Ryan Commons was right behind me but he was soon replaced by Scott Dunlap and Kevin Weil. Kevin was leading Scott and they finally caught me as the trail leveled out a bit before we hit the steeper fire road. Scott and Kevin were chatting back and forth and I admit to being intimidated by their easy conversation and apparently effortless climbing. Equally intimidating was seeing Beverly Anderson-Abbs running in fourth place. Kevin moved ahead of me and seemed to glide up the climb with his smooth stride. 

At this point the race moves from narrow single-track in a mixed forest up to a fire road cut through redwood trees and douglas fir. The trees loom tall, their tops lost in the canopy. The road does its best to reach the tops of the trees as it climbs steeply in this section. Kevin kept moving fast and as we crested the hill Ryan took off on the descent. I had flashbacks of two weeks ago and went with him. 

I skipped the first aid station and tried to pick up the pace after we crossed Kings Mountain Road. Only Kevin was behind me. This next section is just under six miles of rolling hills from Huddart Park to Wunderlich paralleling the ridge-line. I was feeling a bit spent after the climb out of Huddart and I hoped to refuel and keep it together until the next big climb. Kevin Weil moved into the lead and his long smooth strides looked effortless. Ryan was just behind us, and soon Scott Dunlap joined us again and then flew by us with a very polite, "Do you mind if I pass?"

He swears he is still in the "aerobic" stage of his training and that he hasn't done any speedwork since the Fall. I found that hard to believe as I watched him slip farther ahead into the enveloping mist. The trail in this section is covered with a soft moist carpet of redwood needles that cushions your steps and dampens the sound of each stride. Around a few more corners and Scott was gone, vanished into the lead. This was exactly what I promised I wouldn't let happen but when Kevin offered to let me by to chase after Scott I declined. The Woodside 50K race starts or ends on the climb up out of Wunderlich park. I clung to the hope that we could catch Scott on the climb.

As we climbed up to the second aid station at Bear Gulch, Kevin opened up a fifty yard lead. I filled up my bottle and took off after him. I seemed to be catching him on the steeper sections of the descent through storm thrown branches, rocks, roots and puddles. But when the trail flattened he would speed up. I finally caught him and we ran together for a while until the climb started.  I was right behind him for a few strides and then he loped away up the trail, until he was a full switchback (100 yds) ahead of me.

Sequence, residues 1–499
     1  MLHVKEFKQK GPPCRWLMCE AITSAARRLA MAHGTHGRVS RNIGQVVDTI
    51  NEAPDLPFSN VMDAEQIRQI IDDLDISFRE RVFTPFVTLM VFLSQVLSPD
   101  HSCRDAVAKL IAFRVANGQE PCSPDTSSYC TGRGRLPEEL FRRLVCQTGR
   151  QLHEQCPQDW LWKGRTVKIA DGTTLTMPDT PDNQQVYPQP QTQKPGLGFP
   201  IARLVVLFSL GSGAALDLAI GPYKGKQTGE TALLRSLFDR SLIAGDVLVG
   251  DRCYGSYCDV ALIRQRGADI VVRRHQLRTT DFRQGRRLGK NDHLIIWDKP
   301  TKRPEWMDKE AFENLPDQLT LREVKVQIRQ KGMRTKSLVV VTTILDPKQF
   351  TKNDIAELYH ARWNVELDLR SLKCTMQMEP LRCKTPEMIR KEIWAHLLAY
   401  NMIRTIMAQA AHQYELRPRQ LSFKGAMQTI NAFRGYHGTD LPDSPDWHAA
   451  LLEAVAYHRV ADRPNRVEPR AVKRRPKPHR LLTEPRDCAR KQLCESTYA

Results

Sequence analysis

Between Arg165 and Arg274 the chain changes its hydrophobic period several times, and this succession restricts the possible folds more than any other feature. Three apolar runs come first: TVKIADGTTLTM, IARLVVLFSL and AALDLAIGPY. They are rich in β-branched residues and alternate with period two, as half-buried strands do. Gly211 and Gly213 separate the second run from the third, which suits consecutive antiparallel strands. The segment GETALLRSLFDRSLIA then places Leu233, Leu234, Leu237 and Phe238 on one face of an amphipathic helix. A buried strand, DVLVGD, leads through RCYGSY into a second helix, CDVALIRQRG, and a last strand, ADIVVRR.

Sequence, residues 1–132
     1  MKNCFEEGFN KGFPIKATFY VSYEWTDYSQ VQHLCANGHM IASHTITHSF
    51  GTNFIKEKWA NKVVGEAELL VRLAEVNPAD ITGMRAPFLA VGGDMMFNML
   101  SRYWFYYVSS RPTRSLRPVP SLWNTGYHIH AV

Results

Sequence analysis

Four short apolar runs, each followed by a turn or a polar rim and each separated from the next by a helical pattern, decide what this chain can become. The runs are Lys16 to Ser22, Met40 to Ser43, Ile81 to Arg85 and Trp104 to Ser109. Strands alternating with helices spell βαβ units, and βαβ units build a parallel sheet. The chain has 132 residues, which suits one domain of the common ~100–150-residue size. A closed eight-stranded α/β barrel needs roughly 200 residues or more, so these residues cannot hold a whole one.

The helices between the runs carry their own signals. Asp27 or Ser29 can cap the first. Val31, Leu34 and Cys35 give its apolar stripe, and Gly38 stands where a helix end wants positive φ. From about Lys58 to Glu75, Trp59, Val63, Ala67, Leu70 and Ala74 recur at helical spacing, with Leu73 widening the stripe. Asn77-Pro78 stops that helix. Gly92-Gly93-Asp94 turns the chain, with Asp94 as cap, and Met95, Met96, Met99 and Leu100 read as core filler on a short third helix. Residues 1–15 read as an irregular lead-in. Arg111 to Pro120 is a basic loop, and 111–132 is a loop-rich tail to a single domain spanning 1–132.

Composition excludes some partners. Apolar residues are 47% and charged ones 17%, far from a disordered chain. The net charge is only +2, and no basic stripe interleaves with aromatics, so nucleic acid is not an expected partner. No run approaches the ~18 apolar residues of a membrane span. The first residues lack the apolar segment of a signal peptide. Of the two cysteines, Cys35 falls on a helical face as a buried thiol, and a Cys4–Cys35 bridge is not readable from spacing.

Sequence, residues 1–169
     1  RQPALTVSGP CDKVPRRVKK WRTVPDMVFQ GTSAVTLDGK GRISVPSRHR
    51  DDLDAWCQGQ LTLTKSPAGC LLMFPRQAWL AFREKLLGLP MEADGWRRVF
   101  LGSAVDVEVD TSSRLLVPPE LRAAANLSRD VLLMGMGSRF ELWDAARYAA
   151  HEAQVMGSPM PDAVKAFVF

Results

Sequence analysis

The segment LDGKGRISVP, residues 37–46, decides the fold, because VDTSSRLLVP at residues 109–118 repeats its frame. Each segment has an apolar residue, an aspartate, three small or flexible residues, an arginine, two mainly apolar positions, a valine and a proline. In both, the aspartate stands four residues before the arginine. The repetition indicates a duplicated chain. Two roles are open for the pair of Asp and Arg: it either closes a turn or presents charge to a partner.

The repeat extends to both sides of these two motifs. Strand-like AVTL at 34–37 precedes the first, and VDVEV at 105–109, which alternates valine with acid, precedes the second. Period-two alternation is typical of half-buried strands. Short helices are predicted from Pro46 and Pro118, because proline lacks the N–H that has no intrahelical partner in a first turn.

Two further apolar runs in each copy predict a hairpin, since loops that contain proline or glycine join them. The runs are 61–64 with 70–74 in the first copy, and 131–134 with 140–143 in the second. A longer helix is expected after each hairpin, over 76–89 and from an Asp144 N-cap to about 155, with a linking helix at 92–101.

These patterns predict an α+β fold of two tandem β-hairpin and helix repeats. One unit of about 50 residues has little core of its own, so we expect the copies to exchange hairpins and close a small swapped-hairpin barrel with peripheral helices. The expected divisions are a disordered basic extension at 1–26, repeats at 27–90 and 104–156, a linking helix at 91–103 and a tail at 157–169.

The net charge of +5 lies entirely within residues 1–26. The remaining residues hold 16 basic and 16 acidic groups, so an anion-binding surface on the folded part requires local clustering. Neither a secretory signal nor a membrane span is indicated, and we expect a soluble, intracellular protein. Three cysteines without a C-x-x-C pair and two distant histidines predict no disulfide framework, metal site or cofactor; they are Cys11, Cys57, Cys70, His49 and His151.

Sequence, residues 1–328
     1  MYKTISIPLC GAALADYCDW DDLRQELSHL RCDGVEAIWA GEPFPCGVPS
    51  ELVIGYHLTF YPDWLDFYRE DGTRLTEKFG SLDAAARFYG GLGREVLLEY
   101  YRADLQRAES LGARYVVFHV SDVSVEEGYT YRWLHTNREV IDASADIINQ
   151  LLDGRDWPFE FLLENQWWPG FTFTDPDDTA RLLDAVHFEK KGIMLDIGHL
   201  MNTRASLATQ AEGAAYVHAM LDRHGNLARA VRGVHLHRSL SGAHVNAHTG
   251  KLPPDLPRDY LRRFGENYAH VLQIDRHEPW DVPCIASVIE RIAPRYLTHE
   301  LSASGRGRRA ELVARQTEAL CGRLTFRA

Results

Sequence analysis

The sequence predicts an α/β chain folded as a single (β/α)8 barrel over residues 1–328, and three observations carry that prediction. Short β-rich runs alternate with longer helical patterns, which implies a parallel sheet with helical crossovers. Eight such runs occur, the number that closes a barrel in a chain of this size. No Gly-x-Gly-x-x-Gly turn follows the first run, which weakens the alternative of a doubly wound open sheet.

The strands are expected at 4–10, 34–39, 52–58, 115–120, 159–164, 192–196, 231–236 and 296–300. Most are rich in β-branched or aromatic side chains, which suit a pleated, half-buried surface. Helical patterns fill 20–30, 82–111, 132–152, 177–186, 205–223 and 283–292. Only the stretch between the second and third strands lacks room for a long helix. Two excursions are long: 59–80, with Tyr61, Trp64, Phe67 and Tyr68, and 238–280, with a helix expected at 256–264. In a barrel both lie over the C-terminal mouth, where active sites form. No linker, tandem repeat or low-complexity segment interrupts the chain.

I started to feel better and better as the climb progressed. The refueling worked.  As we climbed back up to the Redwoods out of the Eucalyptus forest I saw Scott. I caught the comet and as I passed him he mentioned something about his hip. Only after the race did I learn he caught his foot on a root and went down, injuring his hip. Scott hung on to third place and ran a personal best despite the injury.

Everything came together on that climb. My legs felt light and I was accelerating with each turn. Running felt effortless. I reeled Kevin in until we were running side by side. We came over the hill to the Bear Gulch Aid station (thanks to the volunteers who braved the cold and wet!), filled up our bottles and set out for Huddart. I wasn't sure what to expect at this point. I kept repeating "run to win", "run to win" until the back of my neck tingled. I thought I could run with Kevin until the last downhill and try to lose him there -a risky strategy. It turned out that as we ran over that roller coaster of a trail Kevin fell back until I couldn't see him around the bend. 

I skipped the last aid station and tried to get my legs to turn over faster on the descent to the finish. The "descent" includes about a third of a mile of gradual climbing which feels just super so late in the race. I started to look at my watch to see if I had a chance of breaking four hours and concluded that was unlikely but worth a shot. 

I finished in 4:02:10, thanks to great competitors like Kevin, Scott and Ryan who pushed all the way. The Woodside 50K gets more competitive every year as evidenced by the eight runners who finished under 4:25 including myself, Kevin Weil, Scott Dunlap, Beverly Anderson-Abbs (blazing fast 4:15 course record), Ryan Commons, Michael Buchanan, Will Gotthardt and Alan Abbs.

One of the best parts of PCTR races is hanging out at the finish and chatting with other runners over a bowl of chili. Saturday was no exception. 

Pictures below:

Michael Buchanan after the race - he's as fast as he looks!

Kevin Weil - Mr Smooth Stride with Bev Anderson-Abbs in the background
TC - in great need of a bowl of chili
Scott Dunlap and I

Nothing like a big hug from my wife and daughter after returning from a race to put the final touch on a great day. My family has always been very supportive of my training and racing and I just want to say thanks!